DEFENSE WINS! – The De Minimis Rule

In March, 2024, summary judgment was entered on behalf of my client in the Northern District of Illinois District Court based on the de minimis rule. Our case was in federal court based on diversity, so the court applied Illinois law.

First, a quick reminder of the de minimis rule:

Pursuant to the de minimis rule, municipalities and private landowners owe no legal duty to repair sidewalks defects that are minor or slight. Thompson v. Menard, Inc., No. 16 C 6560, 2017 WL 4164196, at *5 (N.D. Ill. Sept. 20, 2017) (citing Hartung v. Maple Inv. & Dev. Corp., 612 N.E.2d 885, 888–89 (Ill. App. Ct. 1993)). The de minimis rule guards against the “unreasonable economic burden” that would accompany an obligation to “keep sidewalks in perfect condition all the time.” St. Martin v. First Hospitality Group, Inc., 9 N.E.3d 1221, 1225 (Ill. App. Ct. 2014). It reflects the “common knowledge that sidewalks are constructed in slabs for the very reason that they must be allowed to expand and contract with changes in temperature.” Id. Accordingly, the de minimis rule recognizes that because of Illinois’s “extreme and changeable weather conditions . . . slight variations in sidewalk elevations are to be expected.” Hartung, 612 N.E.2d at 889.

In this case, the plaintiff exited her car in the parking lot of a store and she was directly next to a cement curb. While exiting her vehicle, the plaintiff tripped and fell – allegedly because there was a deviation of height between the blacktop pavement and the cement curb. The only “measurement” taken of the deviation soon after the incident was with the plaintiff’s husband’s boot heel.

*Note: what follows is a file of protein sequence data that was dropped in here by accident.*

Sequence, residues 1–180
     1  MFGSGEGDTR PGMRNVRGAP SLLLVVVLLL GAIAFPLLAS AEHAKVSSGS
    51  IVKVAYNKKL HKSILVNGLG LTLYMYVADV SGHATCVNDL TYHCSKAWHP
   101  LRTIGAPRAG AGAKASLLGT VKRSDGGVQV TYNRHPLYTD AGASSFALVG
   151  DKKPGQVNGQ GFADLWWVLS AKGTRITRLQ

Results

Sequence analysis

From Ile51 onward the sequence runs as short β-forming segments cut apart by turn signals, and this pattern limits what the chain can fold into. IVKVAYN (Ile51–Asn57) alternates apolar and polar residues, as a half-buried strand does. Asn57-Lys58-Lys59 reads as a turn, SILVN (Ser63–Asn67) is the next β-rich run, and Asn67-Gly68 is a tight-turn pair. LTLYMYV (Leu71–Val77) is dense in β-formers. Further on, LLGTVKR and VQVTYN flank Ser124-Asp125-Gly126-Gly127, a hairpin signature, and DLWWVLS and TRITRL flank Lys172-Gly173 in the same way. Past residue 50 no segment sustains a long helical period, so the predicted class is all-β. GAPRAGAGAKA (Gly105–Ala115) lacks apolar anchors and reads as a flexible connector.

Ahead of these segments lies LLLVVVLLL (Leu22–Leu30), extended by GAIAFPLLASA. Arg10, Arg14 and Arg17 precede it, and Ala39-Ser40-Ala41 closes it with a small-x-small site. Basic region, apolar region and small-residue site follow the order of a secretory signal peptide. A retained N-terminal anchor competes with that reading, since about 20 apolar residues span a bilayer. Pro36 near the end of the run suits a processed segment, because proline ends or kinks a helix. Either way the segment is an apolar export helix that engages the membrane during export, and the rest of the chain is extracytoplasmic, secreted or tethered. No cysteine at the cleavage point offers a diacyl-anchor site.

What makes this case unique, is the plaintiff and her expert did NOT dispute the height deviation was less than 2 inches. This is important because while there is technically no bright-line rule, “it is well established
that, absent any aggravating factors, a vertical displacement of less than two inches is de minimis” as a matter of law. St. Martin, 9 N.E.3d at 1225.

Since the deviation was less than 2 inches, the plaintiff disclosed liability expert David Schroeder, a licensed architect. Rather than have him review the actual evidence in the case, Plaintiff’s counsel only gave him a summary of the testimony. Based on his review of counsel’s information, Mr. Schroeder opined that based on the codes, any change in height over a ¼ inch at any location is a tripping hazard. As we argued to the court, if his opinion was accepted, the de minimis rule can no longer exist. The Court potentially agreed because the Court made little mention of Mr. Schroeder’s opinions in the ruling.

Since the parties agreed the height deviation was under 2 inches, the Court’s focus was on whether there were any aggravator factors to prevent summary judgment. The plaintiff argued four aggravating factors existed – dimension, distraction, bottleneck, and pedestrian foot traffic in a commercial area. The Court evaluated each individually and did not find merit in any of them:

  • Dimension – The plaintiff argued the height differentiation ran the entire length of the 12-foot curb. The Court noted the plaintiff offered no evidence of this and even if she had, the entire span’s height difference was less than two inches.
  • Distraction – Plaintiff argued she was distracted because she was closing her car door. The Court noted there was no evidence presented to support this theory.
  • Bottleneck – Plaintiff argued that every driver who parks in the space at issue will encounter the defect and the area would be “congested” if the driver and passenger exit the vehicle at the same time. The Court did not agree because the parking lot was very large and this involved only one parking space.
  • Pedestrian Foot Traffic In Commercial Area -Plaintiff argued pedestrians would encounter the defect when entering the store or using the nearby cart corral. Based on the parking lot photographs, and lack of evidentiary support, the Court did not agree.

In sum, the Court concluded the height difference between the asphalt and the concrete channel that allegedly caused the plaintiff’s fall was de minimis, and further that no reasonable juror could find the existence of any aggravating factor that would nonetheless impose a duty to correct the defect. For these reasons, summary judgment was entered.